Sunday, August 7, 2011

Beginning in Baltimore

I first became interested in teaching while working for the Ameri-corps affiliated program called "Teach Baltimore", which I have learned has now grown to become the National Summer Learning Association. In the program, I had to organize the daily learning activities of a class of Kindergarteners for about ten weeks. We did mostly early childhood literacy in the mornings, and a combination of math, science, and foreign language, music, and art in the afternoon. I did this for two summers, and volunteered others hours in the main office. During both summers, I taught in a school in West Baltimore called Steuart Hill Elementary.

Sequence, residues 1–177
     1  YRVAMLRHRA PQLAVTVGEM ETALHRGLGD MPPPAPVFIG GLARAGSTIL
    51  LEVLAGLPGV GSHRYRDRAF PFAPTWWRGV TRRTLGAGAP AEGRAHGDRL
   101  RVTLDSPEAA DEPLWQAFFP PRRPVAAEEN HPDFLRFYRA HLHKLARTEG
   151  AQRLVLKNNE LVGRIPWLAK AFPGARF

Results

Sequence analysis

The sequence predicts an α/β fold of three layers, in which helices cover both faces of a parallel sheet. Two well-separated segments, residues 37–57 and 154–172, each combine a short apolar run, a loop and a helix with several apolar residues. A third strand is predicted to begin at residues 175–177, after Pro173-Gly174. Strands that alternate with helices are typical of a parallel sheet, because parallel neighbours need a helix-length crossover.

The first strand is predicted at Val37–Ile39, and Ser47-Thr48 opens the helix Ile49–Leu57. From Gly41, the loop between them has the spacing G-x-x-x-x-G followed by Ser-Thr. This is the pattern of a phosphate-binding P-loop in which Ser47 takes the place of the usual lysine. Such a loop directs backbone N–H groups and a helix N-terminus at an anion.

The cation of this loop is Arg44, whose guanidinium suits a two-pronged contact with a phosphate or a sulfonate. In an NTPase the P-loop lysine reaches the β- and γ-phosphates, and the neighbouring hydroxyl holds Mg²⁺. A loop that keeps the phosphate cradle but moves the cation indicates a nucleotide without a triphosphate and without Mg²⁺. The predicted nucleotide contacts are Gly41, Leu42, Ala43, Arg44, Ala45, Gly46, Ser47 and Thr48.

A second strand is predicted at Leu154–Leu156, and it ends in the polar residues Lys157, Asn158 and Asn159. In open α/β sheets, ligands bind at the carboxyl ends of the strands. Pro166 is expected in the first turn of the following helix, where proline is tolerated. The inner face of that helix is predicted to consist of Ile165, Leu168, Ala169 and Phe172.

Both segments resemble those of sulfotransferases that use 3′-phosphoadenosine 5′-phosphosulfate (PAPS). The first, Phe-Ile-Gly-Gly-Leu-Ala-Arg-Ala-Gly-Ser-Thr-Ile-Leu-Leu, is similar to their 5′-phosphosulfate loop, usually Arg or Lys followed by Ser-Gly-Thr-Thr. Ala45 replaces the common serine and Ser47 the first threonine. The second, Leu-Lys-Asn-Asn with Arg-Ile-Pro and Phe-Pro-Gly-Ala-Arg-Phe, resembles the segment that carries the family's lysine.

As to be expected in most of West Baltimore, nearly 100% of the children live below the poverty line; and most children live with either an aunt or uncle or grandparent. Many of the children I knew had parents who were either dead, in jail, or living on the streets due to drugs or prostitution. Most of the children I taught witnessed constant violence in their neighborhoods and often times in their homes. Some had already been witnesses to murder by the age of six, and had school mates that had been mistakenly shot down. I got fairly accustomed to walking through drug deals to take children home after school–we weren't supposed to walk them home, but sending them to children services was not a good option. It is true that I always felt safer holding the hand of child, than I did walking back to the school alone. As a side note, the organization of gangs to control corners and evade police observation is really interesting to watch.